EmployersMay 31, 2021by Mike0

Autistic leadership part 2: Strategies for empowering leaders

Elon Musk recently shared that he is autistic. He was not the first billionaire to disclose as neurodivergent. There are others as discussed in a previous article, but most have ADHD or dyslexia rather than being autistic. There are few autistic business leaders who are household names. This has serious implications for autistic leadership. 

Charlotte Valeur is one who has disclosed as autistic; she is a director of top UK businesses. When disclosing she also shared that she was most likely discounting herself from future boards by her announcement. 

Why does disclosure impact the public perception of leaders? Autism is often described through three lenses: niche interests, challenges in interacting with the environment and challenges in interacting with people. Let us look at each in turn.


The first autistic lens – niche interests – is increasingly seen as a specialist strength. Almost every CEO I know has a technical area of expertise, and that can be both an advantage and a disadvantage. 

Many tech founders joke about having to stop writing “founder’s code”. Whether a CEO has a background in coding, engineering, accounting, media, or other areas, there is an accepted tension in engaging in versus stepping back from the specialisation. That focus has usually led to the founding ‘Aha!’ moment of the business and yet they must also delegate that expertise in order to run the company. 


The second lens, challenges with interacting with your environment, is increasingly understood and accepted in the workplace. Noise cancelling headphones, sleep pods at many tech firms, even temperature and sound control booths at Google, and other such innovations help manage sensory challenges. 

It is much more accepted to wear noise cancelling headphones, and in some offices, they are used to signal that the person wearing them is in do-not-disturb mode. It has become the 21st-century equivalent of closing the office door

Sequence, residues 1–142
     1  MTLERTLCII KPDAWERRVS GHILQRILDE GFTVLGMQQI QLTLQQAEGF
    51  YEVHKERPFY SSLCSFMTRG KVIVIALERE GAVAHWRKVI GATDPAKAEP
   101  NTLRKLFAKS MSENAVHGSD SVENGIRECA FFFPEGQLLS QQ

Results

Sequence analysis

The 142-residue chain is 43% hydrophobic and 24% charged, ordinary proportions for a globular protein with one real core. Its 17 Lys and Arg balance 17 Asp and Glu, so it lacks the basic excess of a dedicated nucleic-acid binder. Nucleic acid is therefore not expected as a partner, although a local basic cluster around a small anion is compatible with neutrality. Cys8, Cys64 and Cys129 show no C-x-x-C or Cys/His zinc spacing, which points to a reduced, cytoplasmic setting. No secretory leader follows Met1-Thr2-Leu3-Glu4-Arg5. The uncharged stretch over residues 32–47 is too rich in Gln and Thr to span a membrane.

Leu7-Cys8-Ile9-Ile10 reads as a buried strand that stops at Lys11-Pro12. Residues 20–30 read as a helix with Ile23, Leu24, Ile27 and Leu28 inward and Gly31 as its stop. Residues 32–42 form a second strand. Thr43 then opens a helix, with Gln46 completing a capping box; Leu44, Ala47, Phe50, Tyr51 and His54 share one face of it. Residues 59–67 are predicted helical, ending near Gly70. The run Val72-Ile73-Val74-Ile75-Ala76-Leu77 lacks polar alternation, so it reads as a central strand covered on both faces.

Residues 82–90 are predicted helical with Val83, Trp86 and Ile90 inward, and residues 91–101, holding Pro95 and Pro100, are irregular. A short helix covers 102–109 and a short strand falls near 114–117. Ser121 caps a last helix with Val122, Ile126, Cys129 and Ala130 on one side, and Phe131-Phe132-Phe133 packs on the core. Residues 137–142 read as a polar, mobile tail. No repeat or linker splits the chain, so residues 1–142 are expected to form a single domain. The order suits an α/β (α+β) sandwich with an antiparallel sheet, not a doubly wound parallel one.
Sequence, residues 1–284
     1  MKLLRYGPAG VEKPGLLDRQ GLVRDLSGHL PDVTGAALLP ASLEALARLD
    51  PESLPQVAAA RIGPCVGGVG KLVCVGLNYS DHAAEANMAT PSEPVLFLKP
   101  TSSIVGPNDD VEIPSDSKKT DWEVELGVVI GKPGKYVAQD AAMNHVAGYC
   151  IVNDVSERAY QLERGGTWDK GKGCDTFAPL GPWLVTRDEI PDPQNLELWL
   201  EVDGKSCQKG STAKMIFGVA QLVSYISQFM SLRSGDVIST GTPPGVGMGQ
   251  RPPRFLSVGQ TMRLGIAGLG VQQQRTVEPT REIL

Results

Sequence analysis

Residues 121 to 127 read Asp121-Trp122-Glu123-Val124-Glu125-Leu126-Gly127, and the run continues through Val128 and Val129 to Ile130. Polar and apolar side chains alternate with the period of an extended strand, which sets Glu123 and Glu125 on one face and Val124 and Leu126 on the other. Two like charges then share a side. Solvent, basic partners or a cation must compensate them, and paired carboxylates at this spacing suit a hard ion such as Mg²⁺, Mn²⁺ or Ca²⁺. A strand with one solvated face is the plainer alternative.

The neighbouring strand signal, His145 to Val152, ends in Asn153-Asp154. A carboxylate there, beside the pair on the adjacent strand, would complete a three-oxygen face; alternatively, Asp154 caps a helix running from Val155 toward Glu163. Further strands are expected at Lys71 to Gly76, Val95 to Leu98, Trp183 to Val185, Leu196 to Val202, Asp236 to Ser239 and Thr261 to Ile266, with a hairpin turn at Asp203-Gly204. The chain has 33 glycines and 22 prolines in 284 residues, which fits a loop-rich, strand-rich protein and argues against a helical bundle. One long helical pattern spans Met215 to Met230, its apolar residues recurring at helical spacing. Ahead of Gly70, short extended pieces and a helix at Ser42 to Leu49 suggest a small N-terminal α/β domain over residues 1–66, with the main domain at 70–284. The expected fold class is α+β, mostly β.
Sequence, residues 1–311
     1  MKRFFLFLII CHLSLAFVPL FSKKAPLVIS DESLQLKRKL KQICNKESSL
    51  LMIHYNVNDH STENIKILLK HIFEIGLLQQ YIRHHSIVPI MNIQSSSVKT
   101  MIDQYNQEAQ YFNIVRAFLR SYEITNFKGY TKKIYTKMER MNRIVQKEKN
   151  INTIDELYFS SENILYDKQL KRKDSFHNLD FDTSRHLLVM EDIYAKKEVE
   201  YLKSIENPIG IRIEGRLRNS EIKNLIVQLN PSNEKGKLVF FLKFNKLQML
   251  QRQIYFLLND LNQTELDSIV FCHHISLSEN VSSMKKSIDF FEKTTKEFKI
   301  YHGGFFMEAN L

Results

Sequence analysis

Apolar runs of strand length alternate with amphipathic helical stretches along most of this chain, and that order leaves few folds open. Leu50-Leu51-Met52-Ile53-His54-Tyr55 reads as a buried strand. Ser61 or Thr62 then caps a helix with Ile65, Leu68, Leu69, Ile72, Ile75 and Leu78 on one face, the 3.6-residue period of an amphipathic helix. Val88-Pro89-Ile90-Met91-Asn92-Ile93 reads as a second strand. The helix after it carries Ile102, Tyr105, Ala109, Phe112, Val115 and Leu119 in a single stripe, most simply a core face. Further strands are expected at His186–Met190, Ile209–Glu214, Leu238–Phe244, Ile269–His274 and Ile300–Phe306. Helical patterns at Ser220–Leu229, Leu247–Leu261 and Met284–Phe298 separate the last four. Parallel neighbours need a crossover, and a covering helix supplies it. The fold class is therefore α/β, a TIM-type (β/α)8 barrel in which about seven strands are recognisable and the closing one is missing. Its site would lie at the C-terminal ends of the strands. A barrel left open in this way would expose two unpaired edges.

As another example, fidget toys that were once shunned by schools are now provided at conferences to help keep delegates focused. 


At an all autistic firm in the Netherlands, it is the third lens, interacting with other people, that was pinpointed as a key area of concern of leadership according to staff. (See Neurodiversity Media’s What does Autistic Leadership look like in 2020? for a helpful discussion of this paper). 

Although all those interviewed were leaders themselves, they were negative about the capacity of other autistic people to fulfill leadership tasks. As one respondent said, ‘To run an organization …requires certain skills and I think autistic people either do not have emotional room for it or lack those skills.”

However, if you look at EQ scores, we should be concerned about all CEOs. Travis Bradberry, in Emotional Intelligence 2.0, assessed staff across various roles. Employees were average, managers were the highest, executive leaders were lower than all the above and CEOs were lowest of all. It could be that our corporate ladders reward low EQ by promoting results-driven people rather than those who are empathetic. 

(Travis Bradberry, in Emotional Intelligence 2.0)

All neurodiverse leaders; in fact, almost all leaders; have people around them as assistants and/or executive team who help fill in the gaps in their skillset. This is one reason why many neurodiverse leaders are not known. For example, assistants, by dealing with correspondence, help leaders who are dyslexic to seamlessly interact with colleagues.


There are many steps that leaders with deficits in social interactions can take, such as investing time in understanding the work preferences and communication styles of themselves and their colleagues. 

Another strategy is to be authentic and telegraph your low EQ with immediate colleagues. What if leaders were open about their challenges as much as strengths? By sharing with your team that you don’t always pick up certain signals, for example, they will take steps to communicate more clearly. We encourage all managers of neurodivergent staff to have this conversation. Many tell us they should understand the communication profile of all their staff.

A third strategy is to work with a coach or mentor to improve your EQ. A coach can identify areas for improvement and help equip you with the skills needed to enhance your emotional intelligence.

Finally, try getting enough sleep. Travis Bradberry advocates for sleep as a way to recharge and improve EQ for executive leaders.

The issue remains that it is still currently challenging to be an openly autistic leader. This means that neurodivergent people miss out on potential role models. I hope Musk’s step gives others the courage to share both their strengths and their challenges with the world. 

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